Volume 439, Number 2, August IV 2005
|Page(s)||727 - 736|
|Published online||29 July 2005|
Spatially resolved microwave pulsations of a flare loop
Radiophysical Research Institute (NIRFI), Nizhny Novgorod, 603950, Russia e-mail: firstname.lastname@example.org
2 Nobeyama Radio Observatory, National Astronomical Observatory of Japan, Minamimaki, Minamisaku, Nagano 384-1305, Japan
3 Physics Department, University of Warwick, Coventry CV4 7AL, UK
Accepted: 24 April 2005
A microwave burst with quasi-periodic pulsations was studied with high spatial resolution using observations with the Nobeyama Radioheliograph (NoRH). We found that the time profiles of the microwave emission at 17 and 34 GHz exhibit quasi-periodic (with two well defined periods 14–17 s and 8–11 s) variations of the intensity at different parts of an observed flaring loop. Detailed Fourier analysis shows the P1 spectral component to be dominant at the top, while the P2 one near the feet of the loop. The 14–17 s pulsations are synchronous at the top and in both legs of the loop. The 8–11 s pulsations at the legs are well correlated with each other but the correlation is not so obvious with the pulsations at the loop top. For this P2 spectral component, a definite phase shift, s, between pulsations in the northern leg and loop top parts of the loop have been found. The length of the flaring loop is estimated as Mm (≈) and its average width at half intensity at 34 GHz as about 6 Mm (). Microwave diagnostics shows the loop to be filled with a dense plasma with the number density cm-3, penetrated by the magnetic field changing from G near the loop top up to G near the north footpoint. A comparative analysis of different MHD modes of the loop demonstrates the possibility of the simultaneous existence of two modes of oscillations in the loop: the global sausage mode, with the period 14–17 s and the nodes at the footpoints, and a higher harmonics mode (possibly with the radial wave number ), with 8–11 s.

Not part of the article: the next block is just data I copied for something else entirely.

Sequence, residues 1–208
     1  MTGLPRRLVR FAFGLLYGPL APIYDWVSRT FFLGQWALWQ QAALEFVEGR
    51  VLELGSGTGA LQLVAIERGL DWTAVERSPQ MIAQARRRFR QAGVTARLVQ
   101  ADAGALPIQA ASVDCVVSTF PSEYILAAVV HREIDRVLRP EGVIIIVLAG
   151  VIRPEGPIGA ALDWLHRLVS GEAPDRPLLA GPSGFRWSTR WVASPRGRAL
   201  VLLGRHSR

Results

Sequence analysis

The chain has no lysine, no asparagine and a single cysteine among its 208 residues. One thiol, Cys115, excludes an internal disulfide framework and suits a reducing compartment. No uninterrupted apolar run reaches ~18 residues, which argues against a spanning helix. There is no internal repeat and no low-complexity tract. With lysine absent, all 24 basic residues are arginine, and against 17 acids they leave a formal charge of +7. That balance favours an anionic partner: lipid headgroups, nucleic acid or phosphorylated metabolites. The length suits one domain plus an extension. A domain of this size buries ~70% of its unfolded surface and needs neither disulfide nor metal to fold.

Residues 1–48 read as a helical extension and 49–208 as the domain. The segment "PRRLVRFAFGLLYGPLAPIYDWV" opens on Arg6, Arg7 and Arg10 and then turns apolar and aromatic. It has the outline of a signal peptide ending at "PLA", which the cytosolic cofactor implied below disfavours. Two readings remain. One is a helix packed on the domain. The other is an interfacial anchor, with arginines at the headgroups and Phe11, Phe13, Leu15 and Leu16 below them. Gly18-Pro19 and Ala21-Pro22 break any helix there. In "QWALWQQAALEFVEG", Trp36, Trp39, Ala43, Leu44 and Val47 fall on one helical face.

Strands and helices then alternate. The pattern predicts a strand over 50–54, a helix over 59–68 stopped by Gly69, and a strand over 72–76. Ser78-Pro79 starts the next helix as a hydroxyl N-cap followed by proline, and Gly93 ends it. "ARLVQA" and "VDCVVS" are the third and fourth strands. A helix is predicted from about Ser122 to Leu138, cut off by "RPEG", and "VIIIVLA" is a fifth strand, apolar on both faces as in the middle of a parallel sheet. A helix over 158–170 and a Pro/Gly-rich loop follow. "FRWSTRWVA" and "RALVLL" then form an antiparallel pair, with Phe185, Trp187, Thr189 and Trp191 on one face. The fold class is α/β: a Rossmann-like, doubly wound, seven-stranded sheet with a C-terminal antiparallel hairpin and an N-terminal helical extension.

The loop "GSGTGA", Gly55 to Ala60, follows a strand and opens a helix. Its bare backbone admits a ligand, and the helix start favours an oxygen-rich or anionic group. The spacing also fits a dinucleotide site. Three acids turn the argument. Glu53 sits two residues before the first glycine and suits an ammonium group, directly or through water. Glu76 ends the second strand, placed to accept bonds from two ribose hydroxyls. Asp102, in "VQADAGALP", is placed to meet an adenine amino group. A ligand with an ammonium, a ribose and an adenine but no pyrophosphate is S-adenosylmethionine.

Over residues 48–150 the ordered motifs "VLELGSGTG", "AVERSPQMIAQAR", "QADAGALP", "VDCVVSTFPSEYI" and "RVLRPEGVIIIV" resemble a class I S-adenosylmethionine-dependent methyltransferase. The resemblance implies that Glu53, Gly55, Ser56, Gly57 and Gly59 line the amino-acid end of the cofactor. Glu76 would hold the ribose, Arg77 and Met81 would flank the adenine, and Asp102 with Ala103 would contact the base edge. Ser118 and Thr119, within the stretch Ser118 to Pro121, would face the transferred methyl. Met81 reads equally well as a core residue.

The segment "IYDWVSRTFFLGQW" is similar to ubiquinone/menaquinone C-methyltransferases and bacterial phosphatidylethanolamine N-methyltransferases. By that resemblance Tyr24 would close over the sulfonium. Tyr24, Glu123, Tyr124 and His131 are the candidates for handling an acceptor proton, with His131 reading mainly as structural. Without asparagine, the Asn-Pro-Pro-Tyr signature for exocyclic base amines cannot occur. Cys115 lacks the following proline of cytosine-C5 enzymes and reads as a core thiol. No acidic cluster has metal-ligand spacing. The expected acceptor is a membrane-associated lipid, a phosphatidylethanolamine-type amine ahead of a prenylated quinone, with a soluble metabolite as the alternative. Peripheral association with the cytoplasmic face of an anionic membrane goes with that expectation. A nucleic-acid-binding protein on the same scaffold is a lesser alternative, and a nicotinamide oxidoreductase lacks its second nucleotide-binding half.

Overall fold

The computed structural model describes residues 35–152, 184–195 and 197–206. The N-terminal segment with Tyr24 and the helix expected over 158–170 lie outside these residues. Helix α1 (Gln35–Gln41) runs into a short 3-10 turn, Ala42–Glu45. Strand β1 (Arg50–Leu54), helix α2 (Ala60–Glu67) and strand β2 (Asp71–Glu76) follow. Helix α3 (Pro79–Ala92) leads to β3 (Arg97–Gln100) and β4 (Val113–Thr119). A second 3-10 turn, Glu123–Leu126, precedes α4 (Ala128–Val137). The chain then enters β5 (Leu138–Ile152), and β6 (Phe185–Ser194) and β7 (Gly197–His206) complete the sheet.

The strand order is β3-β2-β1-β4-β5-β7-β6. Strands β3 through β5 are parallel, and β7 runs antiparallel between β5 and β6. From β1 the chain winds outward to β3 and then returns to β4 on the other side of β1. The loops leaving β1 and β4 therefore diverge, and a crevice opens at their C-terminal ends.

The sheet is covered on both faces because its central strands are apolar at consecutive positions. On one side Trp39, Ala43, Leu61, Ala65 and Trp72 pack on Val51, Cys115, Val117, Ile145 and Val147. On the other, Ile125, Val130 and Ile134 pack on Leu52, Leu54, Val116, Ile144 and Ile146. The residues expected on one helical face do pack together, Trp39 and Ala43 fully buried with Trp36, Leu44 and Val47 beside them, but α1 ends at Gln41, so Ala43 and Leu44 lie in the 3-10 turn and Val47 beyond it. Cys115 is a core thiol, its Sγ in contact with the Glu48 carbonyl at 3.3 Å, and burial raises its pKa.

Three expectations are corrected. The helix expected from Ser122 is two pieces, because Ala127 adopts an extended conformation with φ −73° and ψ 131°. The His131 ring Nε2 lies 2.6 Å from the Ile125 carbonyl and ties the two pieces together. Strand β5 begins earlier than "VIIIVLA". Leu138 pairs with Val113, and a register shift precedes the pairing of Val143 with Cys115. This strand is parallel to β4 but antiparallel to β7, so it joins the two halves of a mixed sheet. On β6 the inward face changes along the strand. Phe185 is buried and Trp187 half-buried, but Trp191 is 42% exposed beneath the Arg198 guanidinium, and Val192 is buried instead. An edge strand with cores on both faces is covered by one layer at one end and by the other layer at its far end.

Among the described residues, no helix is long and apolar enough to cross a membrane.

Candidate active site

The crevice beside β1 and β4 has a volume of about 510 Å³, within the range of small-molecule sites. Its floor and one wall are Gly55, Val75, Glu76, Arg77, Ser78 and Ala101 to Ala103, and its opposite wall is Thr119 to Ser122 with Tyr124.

Key words: magnetohydrodynamics (MHD) / Sun: activity / Sun: flares / Sun: oscillations / Sun: radio radiation
© ESO, 2005
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